Q: Ma'am, you saved money for your first bike. So what were your feelings when you bought it and had your ride on it?
A: I saved it for a 150 CC actually, My dad added some money and I got a 250 CC. Riding a motor cycle was always on my mind and I had waited for 6 years. I had my first ride when I was in the 9th grade. Riding has always thrilled and having my own motorcycle was even better. It was also like a therapy for me as I was going through a rough patch. It was fantastic.
Q: People usually have stereotypical mindset when it comes to women riding motorcycles. Can you share with us an incident that first revealed to you this adverse mindset?
A: OK, there have been really good incidences and some bad incidences, as such. I would like to share one of the good ones. There are more than 100 girls riding motorcycles in Delhi itself, but it’s a very a rare sight, a girl riding a sports bike. Once I was at the traffic red light and a student in a school bus started shouting "Arrey Arrey Arrey Didi Didi Didi, please lift the visor ",and the whole bus started shouting and the students started clapping. They really got excited and then all people in the cars, bikes, everyone there started looking at me, everyone gave way to me to move forward and that was really nice.
Q:Ma'am your family, except your father, was not very supportive with regards to your passion. So what gave you the courage to go on despite that?
A: Not really the family, but the friends and society, they were not really okay with me riding a motorcycle. My parents were really supportive, whatever the obstacles that came, my father used to say that, let my daughter do whatever she wants to do.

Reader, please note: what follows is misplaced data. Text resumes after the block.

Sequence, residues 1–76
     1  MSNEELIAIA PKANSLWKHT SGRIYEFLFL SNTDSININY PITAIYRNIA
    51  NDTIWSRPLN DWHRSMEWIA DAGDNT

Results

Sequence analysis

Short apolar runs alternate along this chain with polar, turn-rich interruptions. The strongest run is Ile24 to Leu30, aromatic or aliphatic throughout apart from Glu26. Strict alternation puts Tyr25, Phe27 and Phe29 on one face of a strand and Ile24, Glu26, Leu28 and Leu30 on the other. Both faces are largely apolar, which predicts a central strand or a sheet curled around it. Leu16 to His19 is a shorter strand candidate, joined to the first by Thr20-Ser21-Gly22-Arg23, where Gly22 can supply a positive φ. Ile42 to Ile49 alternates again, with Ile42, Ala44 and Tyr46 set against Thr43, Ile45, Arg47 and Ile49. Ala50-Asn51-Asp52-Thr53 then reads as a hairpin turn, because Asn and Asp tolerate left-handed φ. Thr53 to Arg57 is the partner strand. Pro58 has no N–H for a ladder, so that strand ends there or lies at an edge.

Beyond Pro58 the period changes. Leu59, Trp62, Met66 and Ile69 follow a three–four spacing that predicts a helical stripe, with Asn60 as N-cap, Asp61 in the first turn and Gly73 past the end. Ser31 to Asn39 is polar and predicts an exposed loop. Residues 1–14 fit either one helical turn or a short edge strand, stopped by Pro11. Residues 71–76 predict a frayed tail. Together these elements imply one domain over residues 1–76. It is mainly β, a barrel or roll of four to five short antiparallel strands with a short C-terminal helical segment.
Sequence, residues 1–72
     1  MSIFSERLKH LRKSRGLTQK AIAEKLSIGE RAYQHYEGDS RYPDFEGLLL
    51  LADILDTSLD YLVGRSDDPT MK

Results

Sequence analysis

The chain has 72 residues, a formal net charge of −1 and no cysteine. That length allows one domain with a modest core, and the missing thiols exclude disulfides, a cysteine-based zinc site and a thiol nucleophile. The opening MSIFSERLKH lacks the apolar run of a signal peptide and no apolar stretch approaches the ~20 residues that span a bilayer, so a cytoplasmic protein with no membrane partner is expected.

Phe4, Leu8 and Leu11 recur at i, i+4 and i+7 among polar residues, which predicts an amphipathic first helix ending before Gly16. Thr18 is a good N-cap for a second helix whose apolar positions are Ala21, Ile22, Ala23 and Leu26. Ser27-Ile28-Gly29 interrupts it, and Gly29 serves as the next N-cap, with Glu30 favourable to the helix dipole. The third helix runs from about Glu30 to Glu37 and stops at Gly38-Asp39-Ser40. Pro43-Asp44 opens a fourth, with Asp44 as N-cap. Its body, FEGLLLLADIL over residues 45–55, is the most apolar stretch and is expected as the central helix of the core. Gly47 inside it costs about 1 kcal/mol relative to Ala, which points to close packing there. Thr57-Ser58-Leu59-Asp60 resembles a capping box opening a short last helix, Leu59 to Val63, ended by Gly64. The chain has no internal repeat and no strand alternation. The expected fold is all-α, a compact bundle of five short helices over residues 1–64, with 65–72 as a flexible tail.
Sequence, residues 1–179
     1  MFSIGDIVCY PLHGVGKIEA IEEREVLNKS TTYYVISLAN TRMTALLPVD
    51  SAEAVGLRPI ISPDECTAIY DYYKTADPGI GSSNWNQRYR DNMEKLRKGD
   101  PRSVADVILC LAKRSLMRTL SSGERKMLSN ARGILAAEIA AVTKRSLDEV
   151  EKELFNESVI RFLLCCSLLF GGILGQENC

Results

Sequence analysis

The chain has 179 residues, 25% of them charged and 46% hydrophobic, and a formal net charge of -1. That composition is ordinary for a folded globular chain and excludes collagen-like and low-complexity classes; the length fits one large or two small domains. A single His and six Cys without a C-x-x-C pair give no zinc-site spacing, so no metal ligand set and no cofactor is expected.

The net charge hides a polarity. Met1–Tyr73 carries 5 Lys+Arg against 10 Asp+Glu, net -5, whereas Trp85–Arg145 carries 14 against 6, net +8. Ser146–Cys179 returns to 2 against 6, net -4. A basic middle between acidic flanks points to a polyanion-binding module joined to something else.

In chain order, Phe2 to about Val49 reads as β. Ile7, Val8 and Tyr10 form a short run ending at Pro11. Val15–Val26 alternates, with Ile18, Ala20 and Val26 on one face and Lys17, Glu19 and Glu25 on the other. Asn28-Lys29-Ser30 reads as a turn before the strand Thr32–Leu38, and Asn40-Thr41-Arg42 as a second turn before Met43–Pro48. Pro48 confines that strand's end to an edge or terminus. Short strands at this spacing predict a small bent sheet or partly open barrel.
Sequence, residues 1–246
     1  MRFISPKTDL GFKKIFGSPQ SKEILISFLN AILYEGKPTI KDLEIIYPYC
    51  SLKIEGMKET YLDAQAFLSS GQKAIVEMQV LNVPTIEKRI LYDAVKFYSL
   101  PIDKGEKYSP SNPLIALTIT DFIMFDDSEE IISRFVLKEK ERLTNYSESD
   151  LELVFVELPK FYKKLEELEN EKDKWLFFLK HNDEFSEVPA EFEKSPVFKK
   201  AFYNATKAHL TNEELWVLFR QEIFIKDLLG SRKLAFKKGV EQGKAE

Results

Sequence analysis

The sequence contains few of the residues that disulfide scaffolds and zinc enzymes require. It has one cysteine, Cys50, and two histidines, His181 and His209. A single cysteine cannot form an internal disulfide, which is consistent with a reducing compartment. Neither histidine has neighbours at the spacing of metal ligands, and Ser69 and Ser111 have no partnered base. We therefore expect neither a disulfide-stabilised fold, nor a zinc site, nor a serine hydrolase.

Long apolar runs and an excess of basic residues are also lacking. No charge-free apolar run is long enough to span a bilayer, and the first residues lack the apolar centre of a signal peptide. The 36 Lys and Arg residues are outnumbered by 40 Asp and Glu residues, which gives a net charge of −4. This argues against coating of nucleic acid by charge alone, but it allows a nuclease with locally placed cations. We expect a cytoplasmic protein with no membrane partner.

Q: I believe your fathers bike must have been the first one which you rode, so what role has he played in your life?
A: My dad has been like a role model to me. Not just in the biking but I have learned everything from him. Biking is like in my genes, because my mother was also enthusiastic about cars and speed. So I think that’s the combination I got.
Q: When you have girls come up to you and praise you for your work, how does it feel to have them look upon you as their role model?
A: It feels fantastic, it feels great, and sometimes I feel demotivated, but when I see those girls who started riding bikes after seeing me,. Moreover I also ride bikes for a cause that is education for girls. So all these gives me good vibes and motivates me to carry on.
Q: People have given you the title of ‘hijabi biker’. So what is your take on it?
A: Hijab is a very wide concept. To be recognized as a hijabi biker is very great. But I don’t say that I am a hijabi biker.
Q: What profession line would you like to carry on in future?
A: I will like to carry on my passion further, that is motorcycling. Whatever studies I am currently pursuing, are for my own interest. I would like to become alma, that is a Islamic scholar who preaches.
Q: It is very difficult to pursue both your passion and studies. So how do you maintain balance between the two?
A: I try juggling my passion and studies together, by riding to my college on my bike , as my college is 20 km away from my home. So that becomes quite a good ride for me, riding 40 kms a day.
Q: What are some of the changes that you like to see in mentality of a common people. What is your message to the community?
A: Society has always been stereotype, mean , conservative and oppressed . Changes that I would like to see in them is that not judge a book by its cover and as I said in ted talk Don’t judge me by what I am wearing, my external attire and all . My motorcycle don’t discriminate. So why are we discriminating. My bike just knows my skills and it does not know who is under the helmet. My message is for the family and their parents just keep supporting your child and they will surely succeed one day.
Reporters: Vishakha Gupta and Ritika Agarwal
Photographer: Mahima Gupta